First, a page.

Colby Pearce 25:46
He was all around like unreal air. Yeah, I was

very fortunate that I was teammates with him and not not against him.

Colby Pearce 25:51
Yeah. And so that’s a great point, you bring up that kind of rivalry. You know, a lot of writers that we know of are like dynamic duo’s. They have a sibling rivalry esque relationship when they’re younger, and it helps push him and lift him to that new level. I have that with JV to a degree, although 99.9% of the time he just kicked my ass. I think I maybe dropped him or maybe kind of put them under pressure once on a training ride. And I was right before I set that usr record. So I knew I was going good you go. But did you have a younger kind of brotherly relationship with any riders that really helped to develop you or push you or or maybe you can parlay that into mentors and people that you learn from as a younger rider.

Early on, I didn’t really have that person. But when I joined Coors Light, that was my first protein. So I turned pro with Coors Light, 91 engelmann. And I just seem to like, I don’t know why. But Pettijohn just decided we were going to be roommates together. So Michael, and I were sort of, you know, Batman and Robin, so to speak. And, you know, we would generally go one, two, and almost any mountaintop foundation. And I, you know, he’s just one of those guys that always had that extra gear, you know, I just I couldn’t seem to get to his level. But he inspired me to try to get there. And there were plenty races where, you know, he would see that he’d shelled everyone else. And so we’d ease up and I’d be able to come up to his wheel. And so we’d finish one, two, versus me being five minutes behind or whatever. So he was very, a very generous guy. And there were plenty of races where I probably should have been on the podium, but I was just because he you know, we were teammates, and he’s like, I don’t want to set up your loan so that you know, whether it be mount Evans, or, or Stratton mountain, whatever it was, he was just always had that extra gear. And I just, you know, I didn’t necessarily train with him very often, because he’s one of those guys who just wanted to go out of the driveway 25 miles an hour. He’s like, dude, I can’t do this thing called a warm up and cool down. And I like I like to do those things. But I saw how the workload that he put him, put himself through, and, you know, it just it made me realize that I could do a lot more. Because, you know, you don’t know until you try, but he was a guy that was out there doing it, you know, I mean, he and he would manage to go and finish top 20 worlds, basically, just by riding in the mountains of Colorado, and doing random, you know, local races and whatever. And you go over there, and he finished the same group as Borneo and guys like that. I was like, wow, which is incredible. It really is. When you look back at it, it’s like And oftentimes, he was the highest finisher of the US team. And there plenty guys that were that were based in Europe that couldn’t even write his level. So yeah, it was just the machine really was but it sort of like Dave man, he just, you know, we became close enough friends, because we’re always roommates and everything we talked about, you know, tactics, and this and that. And, you know, he wasn’t, wasn’t maybe as tactically astute as I was, and I had to, to sort of overcome some of my, my physical, you know, shortcomings. But yeah, we kind of traded back and forth. I think we we sort of complemented each other and so yeah, he was certainly guy that you know, kind of showed me the ropes or just gave me confidence that you know, if I push a little harder, I could break through and it was there was a turning point, you know, I can remember in 98 we were teammates at that point on navigators and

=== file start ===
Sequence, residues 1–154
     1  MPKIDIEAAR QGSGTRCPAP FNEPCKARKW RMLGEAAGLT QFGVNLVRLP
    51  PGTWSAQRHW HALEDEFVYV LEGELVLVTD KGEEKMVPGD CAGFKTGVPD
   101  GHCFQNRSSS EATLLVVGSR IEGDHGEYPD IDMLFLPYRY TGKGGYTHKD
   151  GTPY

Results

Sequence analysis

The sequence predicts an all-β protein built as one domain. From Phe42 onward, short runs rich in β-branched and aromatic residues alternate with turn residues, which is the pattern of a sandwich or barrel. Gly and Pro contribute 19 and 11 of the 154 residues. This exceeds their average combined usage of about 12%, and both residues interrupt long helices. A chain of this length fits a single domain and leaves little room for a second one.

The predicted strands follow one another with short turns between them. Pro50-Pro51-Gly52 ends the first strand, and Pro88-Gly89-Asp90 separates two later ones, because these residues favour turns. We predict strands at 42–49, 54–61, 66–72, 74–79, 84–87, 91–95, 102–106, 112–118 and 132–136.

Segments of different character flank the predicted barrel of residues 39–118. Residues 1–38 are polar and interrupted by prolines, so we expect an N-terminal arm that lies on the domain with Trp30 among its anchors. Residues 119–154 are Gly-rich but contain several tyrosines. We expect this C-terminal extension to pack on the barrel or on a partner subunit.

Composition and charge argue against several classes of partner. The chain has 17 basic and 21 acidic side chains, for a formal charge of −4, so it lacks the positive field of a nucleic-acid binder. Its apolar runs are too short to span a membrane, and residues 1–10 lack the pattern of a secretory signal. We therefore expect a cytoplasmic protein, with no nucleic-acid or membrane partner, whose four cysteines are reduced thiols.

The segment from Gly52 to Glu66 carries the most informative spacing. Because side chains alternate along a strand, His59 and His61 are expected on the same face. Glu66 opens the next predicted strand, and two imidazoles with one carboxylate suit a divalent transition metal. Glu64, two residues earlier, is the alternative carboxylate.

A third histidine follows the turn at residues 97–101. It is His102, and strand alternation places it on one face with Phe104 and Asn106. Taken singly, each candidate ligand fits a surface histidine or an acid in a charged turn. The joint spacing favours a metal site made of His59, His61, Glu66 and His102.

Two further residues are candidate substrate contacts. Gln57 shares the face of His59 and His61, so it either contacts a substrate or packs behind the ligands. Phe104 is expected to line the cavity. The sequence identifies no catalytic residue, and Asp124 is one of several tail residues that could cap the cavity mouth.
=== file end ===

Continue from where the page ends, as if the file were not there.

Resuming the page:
I was on small group with he and JV and a few other guys and racing him out Evans in a freaking fog Stormers? Yeah, I ended up taking off and, you know, winning by a minute or 30 seconds or whatever it was, but it was kind of a turning point. But yeah, just a great, great competitor. And just another one of these specimens. You know, just Yeah, the guy was meant to race a bike. Yeah.

Yeah. That’s, it’s

Colby Pearce 29:13